First Miami-Cuba cargo ship in 50 years reaches Havana
The first cargo ship to sail from Miami to Cuba in 50 years has arrived in Havana.
The ship was carrying humanitarian supplies such as food and medicine that are exempt from the US trade embargo against the communist-run island.
Its cargo was made up of charitable donations and gifts to relatives from Miami's large Cuban exile population.
The vessel will now operate a weekly service linking Miami and Havana for the first time since 1962.
Similar cargo services to Cuba already operate from other US ports.
The Bolivian-flagged vessel Ana Cecilia entered Havana Harbour on Friday morning.
The International Port Corporation - which is operating the service - obtained a special permit from the US Treasury's Office of Foreign Assets Control, which enforces the trade embargo against Cuba.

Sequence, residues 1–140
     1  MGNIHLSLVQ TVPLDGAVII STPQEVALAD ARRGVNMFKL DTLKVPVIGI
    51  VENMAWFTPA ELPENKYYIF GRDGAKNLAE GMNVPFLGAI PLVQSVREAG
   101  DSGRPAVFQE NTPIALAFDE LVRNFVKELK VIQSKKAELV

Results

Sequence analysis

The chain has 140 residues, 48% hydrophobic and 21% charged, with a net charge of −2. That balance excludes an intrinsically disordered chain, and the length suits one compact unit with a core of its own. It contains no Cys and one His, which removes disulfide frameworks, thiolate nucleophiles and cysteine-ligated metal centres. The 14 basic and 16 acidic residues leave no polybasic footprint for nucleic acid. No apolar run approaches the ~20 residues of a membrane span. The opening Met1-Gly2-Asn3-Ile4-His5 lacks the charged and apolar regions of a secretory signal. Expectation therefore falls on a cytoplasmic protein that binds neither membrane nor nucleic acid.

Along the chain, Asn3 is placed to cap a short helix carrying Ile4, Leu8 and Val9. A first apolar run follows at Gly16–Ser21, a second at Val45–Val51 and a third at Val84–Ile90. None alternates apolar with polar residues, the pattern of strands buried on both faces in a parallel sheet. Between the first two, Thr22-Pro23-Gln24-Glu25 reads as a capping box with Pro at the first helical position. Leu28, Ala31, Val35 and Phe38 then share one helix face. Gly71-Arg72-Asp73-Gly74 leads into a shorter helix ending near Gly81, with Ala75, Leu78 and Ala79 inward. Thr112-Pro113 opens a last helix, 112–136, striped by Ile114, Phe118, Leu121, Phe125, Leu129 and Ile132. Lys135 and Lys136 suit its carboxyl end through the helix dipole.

"We have to create bridges like this, it is the most important thing we can do between the two peoples," company spokesman Leonardo Sanchez-Adega told Reuters news agency.
The cargo service costs around $12 (£8) per kilo.
US President John F Kennedy imposed a trade embargo on Cuba's communist government in 1962.
In 2009 President Barack Obama relaxed the restrictions, making it easier for Cuban-Americans to visit and send money to relatives on the island.